Heap Connect for S3

For access to Heap Connect, contact your Account Manager or [email protected].

Heap Connect for S3 enables any downstream system (ex. Hadoop, Stitch, Fivetran) to access Heap data at scale. This allows you to reap the benefits of codeless event creation, retroactivity, and cross-device user identity.

ETL Requirements

Heap Connect for S3 is designed to support building a custom data pipeline, not for querying directly in an Enterprise Data Lake. Interested customers will need to work with one of our ETL partners or provision Data Engineering resources that will build and maintain a data pipeline.

Process Overview

Heap will provide a periodic dump of data into S3 (nightly by default). That data will be delivered in the form of Avro-encoded files, each of which corresponds to one downstream table (though there can be multiple files per table). Dumps will be incremental, though individual table dumps can be full resyncs, depending on whether the table was recently toggled or the event definition modified.

We’ll include the following tables:

  • users
  • pageviews
  • sessions
  • toggled event tables (separate tables per event)
  • user_migrations (a fully materialized mapping of users merged as a result of heap.identify calls)

Each periodic data delivery will be accompanied by a manifest metadata file, which will describe the target schema and provide a full list of relevant data files for each table.

Metadata

For each dump, there will be a metadata file with the following information:

  • dump_id - a monotonically increasing sequence number for dumps.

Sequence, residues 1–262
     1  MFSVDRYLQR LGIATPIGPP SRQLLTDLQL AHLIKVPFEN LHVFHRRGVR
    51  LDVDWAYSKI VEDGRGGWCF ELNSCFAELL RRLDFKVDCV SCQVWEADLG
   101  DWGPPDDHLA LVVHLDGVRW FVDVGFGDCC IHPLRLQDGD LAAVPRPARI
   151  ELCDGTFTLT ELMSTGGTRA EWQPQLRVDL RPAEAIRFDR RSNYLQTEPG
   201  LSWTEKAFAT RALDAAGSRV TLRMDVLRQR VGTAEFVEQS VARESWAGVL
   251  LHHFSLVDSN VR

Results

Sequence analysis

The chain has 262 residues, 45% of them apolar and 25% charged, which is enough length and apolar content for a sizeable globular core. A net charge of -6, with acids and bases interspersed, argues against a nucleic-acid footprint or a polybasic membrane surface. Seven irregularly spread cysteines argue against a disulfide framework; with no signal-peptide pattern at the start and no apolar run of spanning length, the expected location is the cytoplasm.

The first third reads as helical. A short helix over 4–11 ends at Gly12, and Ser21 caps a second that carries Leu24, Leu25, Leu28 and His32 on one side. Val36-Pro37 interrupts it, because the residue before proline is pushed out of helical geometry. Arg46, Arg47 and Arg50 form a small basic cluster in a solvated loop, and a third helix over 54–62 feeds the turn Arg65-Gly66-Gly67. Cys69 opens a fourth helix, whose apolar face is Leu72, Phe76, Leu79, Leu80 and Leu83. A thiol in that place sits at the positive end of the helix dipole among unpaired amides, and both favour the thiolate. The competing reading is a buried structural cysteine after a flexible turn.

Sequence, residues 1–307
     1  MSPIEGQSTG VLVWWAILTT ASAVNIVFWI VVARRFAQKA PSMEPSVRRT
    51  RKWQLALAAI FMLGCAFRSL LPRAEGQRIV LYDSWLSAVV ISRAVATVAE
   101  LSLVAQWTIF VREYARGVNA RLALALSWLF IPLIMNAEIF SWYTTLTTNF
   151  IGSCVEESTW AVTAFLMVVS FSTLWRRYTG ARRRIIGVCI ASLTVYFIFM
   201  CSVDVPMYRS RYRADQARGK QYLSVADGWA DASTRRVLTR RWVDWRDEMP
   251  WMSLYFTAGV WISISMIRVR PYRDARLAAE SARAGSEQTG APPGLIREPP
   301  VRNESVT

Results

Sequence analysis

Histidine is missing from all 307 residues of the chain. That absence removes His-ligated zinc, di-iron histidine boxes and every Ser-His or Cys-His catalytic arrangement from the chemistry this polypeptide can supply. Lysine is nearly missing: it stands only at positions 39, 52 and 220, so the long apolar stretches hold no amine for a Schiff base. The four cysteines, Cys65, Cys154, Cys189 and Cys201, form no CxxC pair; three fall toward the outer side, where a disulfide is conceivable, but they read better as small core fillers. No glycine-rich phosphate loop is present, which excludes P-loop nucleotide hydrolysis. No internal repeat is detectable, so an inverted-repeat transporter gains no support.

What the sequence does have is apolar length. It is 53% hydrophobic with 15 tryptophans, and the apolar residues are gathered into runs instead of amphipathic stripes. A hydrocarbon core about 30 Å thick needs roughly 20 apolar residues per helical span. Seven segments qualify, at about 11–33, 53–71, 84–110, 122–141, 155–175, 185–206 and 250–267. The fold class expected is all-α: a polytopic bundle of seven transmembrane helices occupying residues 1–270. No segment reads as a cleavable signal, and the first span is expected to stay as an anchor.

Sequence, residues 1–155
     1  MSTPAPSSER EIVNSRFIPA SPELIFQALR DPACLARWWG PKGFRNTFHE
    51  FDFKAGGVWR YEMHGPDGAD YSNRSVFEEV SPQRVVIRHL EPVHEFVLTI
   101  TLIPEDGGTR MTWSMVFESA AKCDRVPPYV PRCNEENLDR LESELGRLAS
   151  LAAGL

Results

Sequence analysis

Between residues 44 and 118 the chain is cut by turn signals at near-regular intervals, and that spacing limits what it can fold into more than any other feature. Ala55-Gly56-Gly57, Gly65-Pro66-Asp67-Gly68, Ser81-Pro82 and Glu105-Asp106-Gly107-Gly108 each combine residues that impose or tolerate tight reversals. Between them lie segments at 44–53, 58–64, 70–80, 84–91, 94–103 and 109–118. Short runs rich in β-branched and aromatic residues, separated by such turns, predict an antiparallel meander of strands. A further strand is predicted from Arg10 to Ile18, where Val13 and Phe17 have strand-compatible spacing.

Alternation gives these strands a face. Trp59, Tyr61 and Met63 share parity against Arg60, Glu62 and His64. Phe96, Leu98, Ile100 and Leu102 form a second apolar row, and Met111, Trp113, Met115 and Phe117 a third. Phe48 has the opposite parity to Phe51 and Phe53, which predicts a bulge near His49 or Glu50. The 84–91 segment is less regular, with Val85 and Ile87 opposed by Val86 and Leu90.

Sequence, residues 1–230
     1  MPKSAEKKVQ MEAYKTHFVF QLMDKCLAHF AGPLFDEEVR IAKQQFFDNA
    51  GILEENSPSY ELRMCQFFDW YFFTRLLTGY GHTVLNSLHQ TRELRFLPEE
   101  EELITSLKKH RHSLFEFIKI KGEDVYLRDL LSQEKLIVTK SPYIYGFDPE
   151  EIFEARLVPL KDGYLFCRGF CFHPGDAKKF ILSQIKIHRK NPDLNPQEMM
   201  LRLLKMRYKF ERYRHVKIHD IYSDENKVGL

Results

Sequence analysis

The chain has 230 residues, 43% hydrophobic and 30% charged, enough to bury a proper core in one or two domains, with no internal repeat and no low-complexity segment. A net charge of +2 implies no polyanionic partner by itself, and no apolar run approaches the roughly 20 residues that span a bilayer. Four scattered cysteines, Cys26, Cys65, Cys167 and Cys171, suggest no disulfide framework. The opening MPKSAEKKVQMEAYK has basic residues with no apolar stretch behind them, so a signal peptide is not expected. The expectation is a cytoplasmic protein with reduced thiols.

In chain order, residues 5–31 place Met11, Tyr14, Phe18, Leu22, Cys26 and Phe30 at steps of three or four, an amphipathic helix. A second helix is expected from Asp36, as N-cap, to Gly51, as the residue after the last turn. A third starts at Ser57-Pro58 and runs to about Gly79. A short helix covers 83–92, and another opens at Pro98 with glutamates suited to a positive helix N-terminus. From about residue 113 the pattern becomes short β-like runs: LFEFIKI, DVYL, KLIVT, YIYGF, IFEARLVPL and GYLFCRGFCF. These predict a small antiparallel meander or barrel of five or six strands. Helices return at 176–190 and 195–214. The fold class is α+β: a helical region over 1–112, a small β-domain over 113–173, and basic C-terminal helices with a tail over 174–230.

• tables - for each table synced:
    • name - the name of the table.
    • columns - an array consisting of the columns contained in the table. This can be used to determine which columns need to be added or removed downstream.
    • files - an array of full s3 paths to the Avro-encoded files for the relevant table.
    • incremental - a boolean denoting whether the data for the table is incremental on top of previous dumps. A value of false means it is a full/fresh resync of this table, and all previous data is invalid.
  • property_definitions - the s3 path to the defined property definition file.

An example of this metadata file can be found below:

{
  "dump_id": 1234,
  "tables": [
    {
      "name": "users",
      "files": [
        "s3://customer/sync_1234/users/a97432cba49732.avro",
        "s3://customer/sync_1234/users/584cdba3973c32.avro",
        "s3://customer/sync_1234/users/32917bc3297a3c.avro"
      ],
      "columns": [
        "user_id",
        "last_modified",
        ...
      ],
      "incremental": true
    },
    {
      "name": "user_migrations",
      "files": [
        "s3://customer/sync_1234/user_migrations/2a345bc452456c.avro",
        "s3://customer/sync_1234/user_migrations/4382abc432862c.avro"
      ],
      "columns": [
        "from_user_id",
        "to_user_id",
        ...
      ],
      "incremental": false  // Will always be false for migrations
    },
    {
      "name": "defined_event",
      "files": [
        "s3://customer/sync_1234/defined_event/2fa2dbe2456c.avro"
      ],
      "columns": [
        "user_id",
        "event_id",
        "time",
        "session_id",
        ...
      ],
      "incremental": true
    }
  ],
  "property_definitions": "s3://customer/sync_1234/property_definitions.json"
}

Data Type

The user_id, event_id, and session_id are the only columns that are long types. All other columns should be inferred as string types.